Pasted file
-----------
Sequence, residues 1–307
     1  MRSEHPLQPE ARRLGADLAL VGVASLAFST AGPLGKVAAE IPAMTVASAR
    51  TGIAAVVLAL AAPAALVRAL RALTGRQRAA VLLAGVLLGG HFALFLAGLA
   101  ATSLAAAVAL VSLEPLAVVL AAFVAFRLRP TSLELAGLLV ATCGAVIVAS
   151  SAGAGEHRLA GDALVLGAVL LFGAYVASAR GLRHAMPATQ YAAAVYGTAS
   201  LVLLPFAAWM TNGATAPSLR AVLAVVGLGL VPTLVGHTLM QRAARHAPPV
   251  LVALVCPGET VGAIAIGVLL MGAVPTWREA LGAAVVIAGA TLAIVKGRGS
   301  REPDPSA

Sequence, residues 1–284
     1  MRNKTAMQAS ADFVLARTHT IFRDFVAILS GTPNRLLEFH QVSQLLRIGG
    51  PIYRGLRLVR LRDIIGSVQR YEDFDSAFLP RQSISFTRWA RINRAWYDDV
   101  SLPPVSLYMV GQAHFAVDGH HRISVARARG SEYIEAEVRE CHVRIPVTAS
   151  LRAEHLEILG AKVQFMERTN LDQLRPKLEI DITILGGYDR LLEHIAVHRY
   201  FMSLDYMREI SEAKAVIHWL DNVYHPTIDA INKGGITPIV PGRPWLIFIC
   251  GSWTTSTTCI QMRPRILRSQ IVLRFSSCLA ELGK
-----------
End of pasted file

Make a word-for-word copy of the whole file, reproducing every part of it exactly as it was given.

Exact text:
Sequence, residues 1–307
     1  MRSEHPLQPE ARRLGADLAL VGVASLAFST AGPLGKVAAE IPAMTVASAR
    51  TGIAAVVLAL AAPAALVRAL RALTGRQRAA VLLAGVLLGG HFALFLAGLA
   101  ATSLAAAVAL VSLEPLAVVL AAFVAFRLRP TSLELAGLLV ATCGAVIVAS
   151  SAGAGEHRLA GDALVLGAVL LFGAYVASAR GLRHAMPATQ YAAAVYGTAS
   201  LVLLPFAAWM TNGATAPSLR AVLAVVGLGL VPTLVGHTLM QRAARHAPPV
   251  LVALVCPGET VGAIAIGVLL MGAVPTWREA LGAAVVIAGA TLAIVKGRGS
   301  REPDPSA

Sequence, residues 1–284
     1  MRNKTAMQAS ADFVLARTHT IFRDFVAILS GTPNRLLEFH QVSQLLRIGG
    51  PIYRGLRLVR LRDIIGSVQR YEDFDSAFLP RQSISFTRWA RINRAWYDDV
   101  SLPPVSLYMV GQAHFAVDGH HRISVARARG SEYIEAEVRE CHVRIPVTAS
   151  LRAEHLEILG AKVQFMERTN LDQLRPKLEI DITILGGYDR LLEHIAVHRY
   201  FMSLDYMREI SEAKAVIHWL DNVYHPTIDA INKGGITPIV PGRPWLIFIC
   251  GSWTTSTTCI QMRPRILRSQ IVLRFSSCLA ELGK